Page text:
But that there are millions of people in this country, and across the world, who will be watching and not only watching, but who will stand up for progress in this nation. If that was one take-away, I really do believe that that movement — and people had their own individual reasons — but I believe collectively the movement that we saw this past weekend, is really about cementing progress, and not allowing our nation to go backward.
SHARMINI PERIES: Right. And one of the main things that I kept hearing from people in the march, reiterated again and again, is that they felt compelled to show up, because of the misogyny. Because of the racism, and because of the kinds of mockery that Donald Trump had made against people with disabilities, and you know, people felt compelled to be there. To voice their resistance that inaugurating Donald Trump the day before, does not mean he represents them.
And so, this is where I think the, really, the intersectionality of all of our issues, the collective force, needs to come about. We need to be able to see people like you, Senator Turner, you know, taking up your rightful role in this struggle, and taking a seat at the table with power, and negotiating on behalf of all of us.
So, can you — give us some specifics as to how you see this integration, and the force of the people that we often talk about here in Baltimore, and the mothers that are carrying the burden of having their children shot by police, and wanting to do something about it. Which is only going to get worse with this administration?
NINA TURNER: Well, I hope not. I mean, police forces are controlled locally. I served the Mayor in the City of Cleveland. I was also a Cleveland City Councilwoman. So, local officials are in charge of police officers and the police force. And ideally mayors are, and many of our cities in this country are, controlled by Democrats. So, I would hope that it does not get worse.
I do know that President Trump talked about law and order on the campaign trail, which appealed to a certain aspect of those who were supporting him. But I would say, as I said in the past, that you can’t have law and order without respect. You can’t have law and order without transparency. You can’t have law and order without a relationship with the community that our law enforcement folks serve.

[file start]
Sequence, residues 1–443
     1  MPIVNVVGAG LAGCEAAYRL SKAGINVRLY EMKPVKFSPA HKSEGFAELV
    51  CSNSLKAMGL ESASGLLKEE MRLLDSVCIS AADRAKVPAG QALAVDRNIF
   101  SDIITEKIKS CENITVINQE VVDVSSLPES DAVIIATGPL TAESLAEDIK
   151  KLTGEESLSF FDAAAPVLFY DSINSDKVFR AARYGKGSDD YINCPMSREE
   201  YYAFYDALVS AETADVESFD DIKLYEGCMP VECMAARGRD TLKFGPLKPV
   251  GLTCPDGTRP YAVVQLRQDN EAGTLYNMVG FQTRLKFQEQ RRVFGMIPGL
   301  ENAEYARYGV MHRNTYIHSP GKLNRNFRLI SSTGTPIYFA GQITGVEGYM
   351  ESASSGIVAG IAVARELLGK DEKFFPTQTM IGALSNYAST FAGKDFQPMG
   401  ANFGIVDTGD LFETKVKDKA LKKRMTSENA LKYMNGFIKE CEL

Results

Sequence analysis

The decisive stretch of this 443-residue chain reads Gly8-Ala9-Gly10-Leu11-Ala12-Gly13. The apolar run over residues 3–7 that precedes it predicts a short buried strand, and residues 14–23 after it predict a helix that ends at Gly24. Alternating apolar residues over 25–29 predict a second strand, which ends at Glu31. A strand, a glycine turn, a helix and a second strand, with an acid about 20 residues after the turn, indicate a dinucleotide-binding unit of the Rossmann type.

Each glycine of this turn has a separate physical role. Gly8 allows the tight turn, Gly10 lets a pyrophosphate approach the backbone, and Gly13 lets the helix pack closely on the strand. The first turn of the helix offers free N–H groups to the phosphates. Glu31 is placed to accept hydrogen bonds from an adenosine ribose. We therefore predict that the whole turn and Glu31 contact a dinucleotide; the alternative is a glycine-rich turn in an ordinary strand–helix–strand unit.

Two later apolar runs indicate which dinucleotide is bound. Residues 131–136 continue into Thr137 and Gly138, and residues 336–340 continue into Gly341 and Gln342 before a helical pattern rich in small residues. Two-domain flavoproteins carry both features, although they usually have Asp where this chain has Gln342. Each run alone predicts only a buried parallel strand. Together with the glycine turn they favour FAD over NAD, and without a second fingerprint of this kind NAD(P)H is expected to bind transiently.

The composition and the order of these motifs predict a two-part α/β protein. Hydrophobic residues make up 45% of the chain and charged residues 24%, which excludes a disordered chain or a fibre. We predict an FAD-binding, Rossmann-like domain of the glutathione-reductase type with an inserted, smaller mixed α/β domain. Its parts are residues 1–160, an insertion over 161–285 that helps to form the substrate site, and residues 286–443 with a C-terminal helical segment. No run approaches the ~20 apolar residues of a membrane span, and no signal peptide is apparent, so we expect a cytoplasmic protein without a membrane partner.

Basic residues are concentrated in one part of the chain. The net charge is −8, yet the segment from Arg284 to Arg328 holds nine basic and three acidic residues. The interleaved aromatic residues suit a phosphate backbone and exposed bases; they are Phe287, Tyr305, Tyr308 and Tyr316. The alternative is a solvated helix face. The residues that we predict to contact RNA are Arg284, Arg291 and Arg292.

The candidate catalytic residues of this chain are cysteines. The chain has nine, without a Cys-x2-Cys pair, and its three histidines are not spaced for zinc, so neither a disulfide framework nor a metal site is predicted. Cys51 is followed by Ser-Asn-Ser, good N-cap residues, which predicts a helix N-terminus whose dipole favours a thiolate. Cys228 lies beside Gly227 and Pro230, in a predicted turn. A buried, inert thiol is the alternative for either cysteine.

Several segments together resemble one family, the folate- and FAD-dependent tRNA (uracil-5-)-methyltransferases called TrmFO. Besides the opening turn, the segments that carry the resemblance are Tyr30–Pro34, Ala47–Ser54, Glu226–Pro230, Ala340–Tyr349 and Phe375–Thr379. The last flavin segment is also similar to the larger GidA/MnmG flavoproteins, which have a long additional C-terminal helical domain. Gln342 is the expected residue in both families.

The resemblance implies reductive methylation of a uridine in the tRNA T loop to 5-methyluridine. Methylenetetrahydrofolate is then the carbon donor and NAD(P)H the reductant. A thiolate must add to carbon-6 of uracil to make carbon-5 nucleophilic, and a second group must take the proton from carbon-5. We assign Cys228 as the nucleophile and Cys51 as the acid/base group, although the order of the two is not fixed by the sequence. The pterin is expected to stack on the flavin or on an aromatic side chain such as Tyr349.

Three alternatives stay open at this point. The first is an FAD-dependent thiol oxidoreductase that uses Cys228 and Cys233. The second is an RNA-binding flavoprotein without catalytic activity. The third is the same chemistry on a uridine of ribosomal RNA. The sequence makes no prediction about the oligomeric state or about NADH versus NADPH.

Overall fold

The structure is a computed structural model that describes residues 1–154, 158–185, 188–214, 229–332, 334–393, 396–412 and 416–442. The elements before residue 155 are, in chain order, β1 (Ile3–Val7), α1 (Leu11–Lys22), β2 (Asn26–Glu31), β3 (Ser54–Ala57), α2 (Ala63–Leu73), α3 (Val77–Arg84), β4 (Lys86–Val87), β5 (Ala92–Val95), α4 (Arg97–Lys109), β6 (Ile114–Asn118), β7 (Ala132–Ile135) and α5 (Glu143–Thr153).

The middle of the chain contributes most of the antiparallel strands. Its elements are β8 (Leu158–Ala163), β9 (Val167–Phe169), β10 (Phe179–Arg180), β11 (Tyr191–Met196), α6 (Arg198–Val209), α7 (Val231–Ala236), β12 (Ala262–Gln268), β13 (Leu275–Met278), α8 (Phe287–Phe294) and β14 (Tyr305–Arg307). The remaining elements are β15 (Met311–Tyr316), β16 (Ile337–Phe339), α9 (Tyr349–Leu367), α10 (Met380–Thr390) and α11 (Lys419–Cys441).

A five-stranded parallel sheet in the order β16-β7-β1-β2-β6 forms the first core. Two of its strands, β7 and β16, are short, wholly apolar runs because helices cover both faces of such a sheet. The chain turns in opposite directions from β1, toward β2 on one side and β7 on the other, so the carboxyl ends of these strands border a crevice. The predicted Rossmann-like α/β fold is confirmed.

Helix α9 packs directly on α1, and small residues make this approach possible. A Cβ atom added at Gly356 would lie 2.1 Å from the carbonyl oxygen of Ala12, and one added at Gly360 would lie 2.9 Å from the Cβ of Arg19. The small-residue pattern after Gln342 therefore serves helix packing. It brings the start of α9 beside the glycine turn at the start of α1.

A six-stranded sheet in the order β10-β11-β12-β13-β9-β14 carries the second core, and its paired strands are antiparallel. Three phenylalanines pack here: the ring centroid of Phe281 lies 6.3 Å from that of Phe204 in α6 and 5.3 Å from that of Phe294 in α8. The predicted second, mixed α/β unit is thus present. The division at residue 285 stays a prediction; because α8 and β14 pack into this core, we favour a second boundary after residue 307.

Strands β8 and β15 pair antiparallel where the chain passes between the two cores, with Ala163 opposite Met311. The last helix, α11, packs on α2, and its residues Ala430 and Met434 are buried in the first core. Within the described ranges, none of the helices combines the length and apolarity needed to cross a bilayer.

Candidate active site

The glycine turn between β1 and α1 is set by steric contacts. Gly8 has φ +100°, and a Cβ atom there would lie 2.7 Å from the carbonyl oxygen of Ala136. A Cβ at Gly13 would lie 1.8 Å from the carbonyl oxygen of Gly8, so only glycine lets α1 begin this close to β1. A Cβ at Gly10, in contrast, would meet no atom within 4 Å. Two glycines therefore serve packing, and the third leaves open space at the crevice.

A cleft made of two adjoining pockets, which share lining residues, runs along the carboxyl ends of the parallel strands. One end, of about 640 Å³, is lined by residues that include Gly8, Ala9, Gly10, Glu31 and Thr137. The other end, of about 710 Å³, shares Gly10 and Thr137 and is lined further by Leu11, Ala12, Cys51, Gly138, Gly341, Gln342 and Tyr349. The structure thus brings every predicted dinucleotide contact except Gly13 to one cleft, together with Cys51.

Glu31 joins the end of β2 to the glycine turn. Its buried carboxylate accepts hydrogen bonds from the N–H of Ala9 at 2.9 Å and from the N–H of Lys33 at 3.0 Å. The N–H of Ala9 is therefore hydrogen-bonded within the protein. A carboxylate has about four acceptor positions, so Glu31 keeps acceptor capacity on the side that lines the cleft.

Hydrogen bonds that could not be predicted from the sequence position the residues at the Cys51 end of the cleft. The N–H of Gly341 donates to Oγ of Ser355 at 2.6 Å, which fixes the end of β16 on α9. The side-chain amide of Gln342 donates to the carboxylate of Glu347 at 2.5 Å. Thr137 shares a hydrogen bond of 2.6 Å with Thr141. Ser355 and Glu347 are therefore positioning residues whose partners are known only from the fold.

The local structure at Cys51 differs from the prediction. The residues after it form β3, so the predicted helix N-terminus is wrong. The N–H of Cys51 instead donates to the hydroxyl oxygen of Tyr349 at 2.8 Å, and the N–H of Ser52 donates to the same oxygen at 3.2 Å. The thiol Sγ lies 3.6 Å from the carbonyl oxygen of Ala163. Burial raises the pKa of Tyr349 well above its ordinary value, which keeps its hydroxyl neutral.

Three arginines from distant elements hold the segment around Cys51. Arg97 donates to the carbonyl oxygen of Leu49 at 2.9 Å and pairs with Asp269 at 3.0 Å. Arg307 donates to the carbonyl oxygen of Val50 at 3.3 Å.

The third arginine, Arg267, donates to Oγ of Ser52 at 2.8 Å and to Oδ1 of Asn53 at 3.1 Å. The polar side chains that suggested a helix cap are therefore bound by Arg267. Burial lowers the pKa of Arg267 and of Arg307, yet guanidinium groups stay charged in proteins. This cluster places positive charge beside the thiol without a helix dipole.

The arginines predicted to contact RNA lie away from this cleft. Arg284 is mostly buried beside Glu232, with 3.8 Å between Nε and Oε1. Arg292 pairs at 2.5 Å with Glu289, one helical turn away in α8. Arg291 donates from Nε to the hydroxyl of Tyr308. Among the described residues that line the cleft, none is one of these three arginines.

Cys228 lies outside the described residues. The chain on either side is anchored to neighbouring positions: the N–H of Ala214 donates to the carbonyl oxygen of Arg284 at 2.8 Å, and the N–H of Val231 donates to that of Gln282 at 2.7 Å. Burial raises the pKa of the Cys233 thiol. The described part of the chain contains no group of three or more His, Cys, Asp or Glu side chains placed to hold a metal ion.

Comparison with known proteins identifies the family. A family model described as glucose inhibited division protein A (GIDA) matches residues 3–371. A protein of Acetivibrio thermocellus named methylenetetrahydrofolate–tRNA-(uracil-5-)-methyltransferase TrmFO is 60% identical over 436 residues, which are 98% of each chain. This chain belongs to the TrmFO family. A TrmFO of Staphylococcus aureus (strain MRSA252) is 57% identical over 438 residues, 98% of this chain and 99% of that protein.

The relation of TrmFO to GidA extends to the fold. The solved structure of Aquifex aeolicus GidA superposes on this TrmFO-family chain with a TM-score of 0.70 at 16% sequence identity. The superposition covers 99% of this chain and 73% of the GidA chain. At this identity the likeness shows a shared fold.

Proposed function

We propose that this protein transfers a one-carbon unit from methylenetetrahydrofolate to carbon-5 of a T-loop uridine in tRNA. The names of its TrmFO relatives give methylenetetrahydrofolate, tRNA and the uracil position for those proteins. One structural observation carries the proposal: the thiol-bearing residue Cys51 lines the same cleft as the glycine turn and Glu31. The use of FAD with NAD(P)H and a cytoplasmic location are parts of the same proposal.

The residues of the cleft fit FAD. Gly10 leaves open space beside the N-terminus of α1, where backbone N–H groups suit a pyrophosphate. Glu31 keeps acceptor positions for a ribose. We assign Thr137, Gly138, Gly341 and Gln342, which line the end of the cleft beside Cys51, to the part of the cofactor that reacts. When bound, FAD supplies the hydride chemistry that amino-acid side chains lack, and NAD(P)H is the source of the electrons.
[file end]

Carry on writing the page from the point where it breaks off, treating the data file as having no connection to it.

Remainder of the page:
My husband is a former police officer. Our son is in law enforcement right now. So, I get both sides of that. So, I’m hoping that we will not go back. That law enforcement agencies fully understand that the best way to keep our communities safe, and keep them safe, is really by relationships with communities. But you’re absolutely right, the grieving mothers in this country, and fathers in this country, we have much work to do.
And so, you bring up a very good point, in that, one of the things, even though there was a show of force this weekend, it is my sincere hope that people will take that energy and that synergy to keep this fight for justice. However you define it, going beyond the Presidency of Mr. Trump. That may have been what started people on this path, but a lot of the isms: sexism, racism, classism, the divides, that we have in this nation, started before him.
He certainly has an obligation, as the leader of this nation, to try to bring people together, but we as individuals have an obligation as well. And you know what? We have to win elections. I mean, progressive folks have to win elections, so that then we will have the political power to put in place the policies that we would like to see. So, whether it’s protecting reproductive rights. Whether it’s protecting and expanding access to the ballot box. Whether it’s making sure that not only police officers have the requisite training, cultural competency training, and the monies that are needed in local communities to bring back community policing.
But those are all a part and parcel of winning elections, from school board member, all the way to the presidency of the United States. And as you know, we have certainly lost a lot of ground, elected office ground, on the state level of government. And we’ve got to do something about it.
So, I’m hoping that the people, who marched, will either run for office, or support candidates that are running for state legislatures, and who are running for governor and secretaries of states and etc.
SHARMINI PERIES: All right, Senator Turner. I thank you so much for joining us today. This is ongoing, and a long conversation which we hope to be having with you on a regular basis. Thank you so much.
NINA TURNER: Thank you, my absolute pleasure.
SHARMINI PERIES: And thank you for joining us here on The Real News Network.